15 Incredible Foods for a Healthy Heart

#2: Cranberry Juice

25 Heart-Healthy Foods
Food goes into the digestive tract Gastro- intestinal passage , In the stomach and in the upper part of the small intestine the digestion is mostly complete. Always enjoy them raw when possible, since once cooked they become more acidic. Then sends it to be pushed out of the body. Spinach, kale, mustard, turnip, arugula, romaine, and even lettuce are all great choices. Ginkgo Biloba is used in Germany to treat varicose veins and is widely known for its ability to improve memory by increasing blood flow to the brain. A fish a day, keeps the cardiologist away! Whole Grains Linus Pauling Institute:

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18 Foods That Help Improve the Cardiovascular System

Spread the paste thinly on a cheese cloth and wrap the cloth around the troubled area. In case of a burning sensation, add some olive oil to the paste to relieve the intensity. Dry skin brushing invigorates the skin, increasing blood supply to the areas brushed and bringing them oxygen and increased circulation.

This ritual also warms you up on a cold winter morning! To dry brush most effectively, brush in upward, circular motions toward your heart. Move the brush in a clockwise manner and go over each area of skin twice. Focus on the neck, behind the knees, under the arms, and general groin area for greatest results. Also focus on your lower butt and thighs to reduce cellulite.

Contrast showers are showers that alternate between hot and cold water. When cold water is running, the lymph vessels contract, and when hot water is running, they dilate. This creates a pump effect that contributes to increased lymph drainage and blood flow in the veins.

Massage therapy helps to release contracted muscles, which in turn pushes blood towards the heart and relieves strain. Schedule a regular massage, at least once a month, to enjoyably increase your blood circulation.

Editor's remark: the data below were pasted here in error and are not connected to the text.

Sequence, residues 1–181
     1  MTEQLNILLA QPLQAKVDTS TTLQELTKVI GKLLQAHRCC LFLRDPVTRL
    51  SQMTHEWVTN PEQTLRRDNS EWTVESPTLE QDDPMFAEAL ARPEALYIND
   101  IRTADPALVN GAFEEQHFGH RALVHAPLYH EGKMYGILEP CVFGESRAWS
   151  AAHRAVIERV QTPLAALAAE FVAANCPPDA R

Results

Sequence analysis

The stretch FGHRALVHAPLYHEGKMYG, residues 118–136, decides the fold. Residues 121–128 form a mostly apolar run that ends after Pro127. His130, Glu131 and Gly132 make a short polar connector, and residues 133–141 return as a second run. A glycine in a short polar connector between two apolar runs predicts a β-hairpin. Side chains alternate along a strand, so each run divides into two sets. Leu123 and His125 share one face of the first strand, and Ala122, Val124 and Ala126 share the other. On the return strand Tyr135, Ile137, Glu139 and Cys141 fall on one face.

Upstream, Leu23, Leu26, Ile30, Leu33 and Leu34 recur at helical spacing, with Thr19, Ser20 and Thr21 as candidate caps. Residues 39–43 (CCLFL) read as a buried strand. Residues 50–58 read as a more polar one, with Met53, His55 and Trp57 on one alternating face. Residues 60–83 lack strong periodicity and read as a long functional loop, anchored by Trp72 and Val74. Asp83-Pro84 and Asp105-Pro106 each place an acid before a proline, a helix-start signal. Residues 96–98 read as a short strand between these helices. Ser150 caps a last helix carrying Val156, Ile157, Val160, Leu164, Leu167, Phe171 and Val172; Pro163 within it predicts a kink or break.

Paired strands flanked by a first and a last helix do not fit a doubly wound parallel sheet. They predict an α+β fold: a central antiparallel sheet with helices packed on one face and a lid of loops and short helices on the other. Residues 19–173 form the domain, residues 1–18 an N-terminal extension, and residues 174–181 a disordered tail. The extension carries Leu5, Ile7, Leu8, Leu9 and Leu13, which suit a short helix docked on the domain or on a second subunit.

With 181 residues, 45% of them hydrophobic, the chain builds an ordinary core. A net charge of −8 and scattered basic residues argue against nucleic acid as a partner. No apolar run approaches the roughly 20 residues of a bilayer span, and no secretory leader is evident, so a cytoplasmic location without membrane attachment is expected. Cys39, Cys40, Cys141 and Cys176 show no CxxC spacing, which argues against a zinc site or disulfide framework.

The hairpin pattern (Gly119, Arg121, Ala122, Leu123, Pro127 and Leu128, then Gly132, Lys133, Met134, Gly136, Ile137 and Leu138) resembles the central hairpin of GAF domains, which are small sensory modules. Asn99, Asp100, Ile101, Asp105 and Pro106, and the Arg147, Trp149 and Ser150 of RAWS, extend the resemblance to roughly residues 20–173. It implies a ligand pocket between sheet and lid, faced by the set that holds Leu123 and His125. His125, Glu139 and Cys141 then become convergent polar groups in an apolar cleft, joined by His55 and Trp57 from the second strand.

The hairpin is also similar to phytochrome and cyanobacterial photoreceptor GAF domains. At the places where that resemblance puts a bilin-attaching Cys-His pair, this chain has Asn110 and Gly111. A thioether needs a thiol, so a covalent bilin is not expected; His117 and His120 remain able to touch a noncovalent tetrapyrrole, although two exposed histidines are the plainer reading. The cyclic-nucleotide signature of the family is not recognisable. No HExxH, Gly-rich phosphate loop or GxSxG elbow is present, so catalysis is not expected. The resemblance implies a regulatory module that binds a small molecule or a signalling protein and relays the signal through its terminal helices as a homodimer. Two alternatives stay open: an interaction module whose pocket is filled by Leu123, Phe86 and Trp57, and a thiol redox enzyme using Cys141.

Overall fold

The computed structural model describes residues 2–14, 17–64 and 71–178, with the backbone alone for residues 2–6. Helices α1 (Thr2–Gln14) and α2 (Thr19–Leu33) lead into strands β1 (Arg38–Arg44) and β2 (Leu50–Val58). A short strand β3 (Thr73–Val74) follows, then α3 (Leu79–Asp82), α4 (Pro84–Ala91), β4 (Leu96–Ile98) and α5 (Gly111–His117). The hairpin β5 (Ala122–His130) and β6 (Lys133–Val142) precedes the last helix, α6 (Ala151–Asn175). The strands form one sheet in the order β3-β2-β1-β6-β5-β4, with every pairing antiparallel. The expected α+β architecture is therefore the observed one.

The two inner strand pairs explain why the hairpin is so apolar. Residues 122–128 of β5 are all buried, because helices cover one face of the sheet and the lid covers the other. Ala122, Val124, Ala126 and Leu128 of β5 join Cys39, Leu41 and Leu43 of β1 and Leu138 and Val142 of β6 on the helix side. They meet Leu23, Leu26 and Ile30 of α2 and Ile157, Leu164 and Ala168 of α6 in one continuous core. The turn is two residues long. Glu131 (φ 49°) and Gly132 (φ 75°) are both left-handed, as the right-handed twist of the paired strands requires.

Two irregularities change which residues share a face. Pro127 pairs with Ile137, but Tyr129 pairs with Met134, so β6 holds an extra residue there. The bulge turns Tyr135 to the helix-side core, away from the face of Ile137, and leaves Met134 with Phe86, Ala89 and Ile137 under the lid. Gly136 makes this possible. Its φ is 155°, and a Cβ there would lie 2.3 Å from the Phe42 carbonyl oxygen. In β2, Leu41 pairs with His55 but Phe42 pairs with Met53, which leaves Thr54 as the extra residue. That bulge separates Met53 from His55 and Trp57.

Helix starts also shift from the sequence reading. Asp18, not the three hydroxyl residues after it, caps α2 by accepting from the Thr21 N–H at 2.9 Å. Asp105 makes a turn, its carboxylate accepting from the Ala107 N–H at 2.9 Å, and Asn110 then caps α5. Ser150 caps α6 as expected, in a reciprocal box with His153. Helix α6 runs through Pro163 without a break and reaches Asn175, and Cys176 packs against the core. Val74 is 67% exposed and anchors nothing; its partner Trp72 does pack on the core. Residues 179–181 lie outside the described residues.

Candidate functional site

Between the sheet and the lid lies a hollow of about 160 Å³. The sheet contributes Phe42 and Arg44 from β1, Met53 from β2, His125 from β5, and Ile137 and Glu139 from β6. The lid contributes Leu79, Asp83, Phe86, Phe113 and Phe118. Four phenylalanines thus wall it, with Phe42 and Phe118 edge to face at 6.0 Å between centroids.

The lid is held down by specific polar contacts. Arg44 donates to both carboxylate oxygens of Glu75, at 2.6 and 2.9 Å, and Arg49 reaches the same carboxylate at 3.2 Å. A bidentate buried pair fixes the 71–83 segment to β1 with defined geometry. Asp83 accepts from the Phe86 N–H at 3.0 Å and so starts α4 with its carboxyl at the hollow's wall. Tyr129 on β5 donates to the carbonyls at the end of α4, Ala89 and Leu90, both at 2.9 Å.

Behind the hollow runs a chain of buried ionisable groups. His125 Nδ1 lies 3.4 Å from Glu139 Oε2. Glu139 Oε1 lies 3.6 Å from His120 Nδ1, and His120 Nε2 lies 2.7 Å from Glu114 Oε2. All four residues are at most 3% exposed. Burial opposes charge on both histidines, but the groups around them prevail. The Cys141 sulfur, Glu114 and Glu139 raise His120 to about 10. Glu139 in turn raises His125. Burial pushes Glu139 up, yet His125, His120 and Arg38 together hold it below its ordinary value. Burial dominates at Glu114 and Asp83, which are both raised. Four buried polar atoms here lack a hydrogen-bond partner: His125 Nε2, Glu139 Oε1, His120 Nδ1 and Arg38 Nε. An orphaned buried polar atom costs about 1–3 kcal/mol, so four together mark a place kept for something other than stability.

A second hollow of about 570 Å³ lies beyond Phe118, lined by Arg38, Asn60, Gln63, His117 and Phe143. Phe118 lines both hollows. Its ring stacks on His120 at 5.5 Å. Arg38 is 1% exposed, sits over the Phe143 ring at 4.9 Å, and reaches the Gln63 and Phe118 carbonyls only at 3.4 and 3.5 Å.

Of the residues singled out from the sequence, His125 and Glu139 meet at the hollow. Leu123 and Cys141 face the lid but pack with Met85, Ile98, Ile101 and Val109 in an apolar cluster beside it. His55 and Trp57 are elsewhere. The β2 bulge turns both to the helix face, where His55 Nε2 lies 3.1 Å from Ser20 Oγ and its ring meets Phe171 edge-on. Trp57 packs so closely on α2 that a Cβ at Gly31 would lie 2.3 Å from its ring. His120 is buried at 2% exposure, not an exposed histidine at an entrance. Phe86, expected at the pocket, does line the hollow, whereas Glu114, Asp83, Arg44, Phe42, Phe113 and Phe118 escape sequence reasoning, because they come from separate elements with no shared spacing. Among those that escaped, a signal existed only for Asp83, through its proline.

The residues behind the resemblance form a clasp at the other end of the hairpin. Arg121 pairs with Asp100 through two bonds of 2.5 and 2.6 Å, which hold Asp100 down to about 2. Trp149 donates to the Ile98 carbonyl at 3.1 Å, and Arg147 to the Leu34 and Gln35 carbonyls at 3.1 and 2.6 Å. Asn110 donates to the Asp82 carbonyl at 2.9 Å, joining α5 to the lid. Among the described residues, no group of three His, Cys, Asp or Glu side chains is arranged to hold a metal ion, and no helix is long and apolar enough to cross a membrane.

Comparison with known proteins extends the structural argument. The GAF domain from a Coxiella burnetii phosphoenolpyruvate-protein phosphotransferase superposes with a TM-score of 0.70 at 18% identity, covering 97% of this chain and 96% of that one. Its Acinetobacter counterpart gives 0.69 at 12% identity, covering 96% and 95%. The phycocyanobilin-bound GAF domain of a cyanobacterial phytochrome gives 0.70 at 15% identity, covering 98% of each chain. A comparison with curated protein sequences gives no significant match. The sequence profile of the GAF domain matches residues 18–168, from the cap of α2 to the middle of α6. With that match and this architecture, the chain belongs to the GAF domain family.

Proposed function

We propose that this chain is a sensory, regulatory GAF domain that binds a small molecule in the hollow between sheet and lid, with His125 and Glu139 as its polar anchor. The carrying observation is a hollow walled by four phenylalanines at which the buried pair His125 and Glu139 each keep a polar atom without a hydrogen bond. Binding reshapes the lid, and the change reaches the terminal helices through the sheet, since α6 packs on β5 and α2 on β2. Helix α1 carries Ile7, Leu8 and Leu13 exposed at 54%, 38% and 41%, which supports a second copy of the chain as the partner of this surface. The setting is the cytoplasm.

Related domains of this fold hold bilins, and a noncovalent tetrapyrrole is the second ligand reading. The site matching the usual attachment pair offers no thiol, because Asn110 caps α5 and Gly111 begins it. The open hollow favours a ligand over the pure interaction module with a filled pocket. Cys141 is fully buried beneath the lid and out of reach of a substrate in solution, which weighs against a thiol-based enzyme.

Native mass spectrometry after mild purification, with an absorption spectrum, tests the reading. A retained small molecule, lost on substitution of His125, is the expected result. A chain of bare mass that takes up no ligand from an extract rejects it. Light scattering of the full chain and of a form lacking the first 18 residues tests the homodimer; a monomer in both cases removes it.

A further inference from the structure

What better excuse than for health reasons? A healthy diet, one that includes high alkaline foods — plenty of fruits and vegetables — will increase oxygen supply to your blood and improve overall blood circulation. This almost goes without saying. Ginkgo Biloba is used in Germany to treat varicose veins and is widely known for its ability to improve memory by increasing blood flow to the brain.

The herb strengthens blood vessels and is anti-inflammatory. Rebounding encourages collateral circulation, which is the formation of branch blood vessels that distribute blood to the heart. Cut down on sausage, bacon and processed high-fat cold cuts. Limit organ meats such as liver, kidney or brains. Eat two servings of fatty fish, such as mackerel, tuna or salmon, per week. Try nonfat or low-fat yogurt in place of sour cream. Use nonfat or low-fat cheeses. Substitute sherbet and nonfat or low-fat frozen yogurt for ice cream.

Instead of butter, use olive oil or liquid vegetable oils high in poly- or mono-unsaturated fats. All fats and oils should be used sparingly. Eat egg yolks only in moderation. Egg whites contain no fat or cholesterol and can be eaten often. In most recipes, substitute two egg whites for one whole egg. Eat plenty of fruits and vegetables as well as cereals, breads, rice and pasta made from whole grains for example, rye bread, whole wheat spaghetti and bran cereal.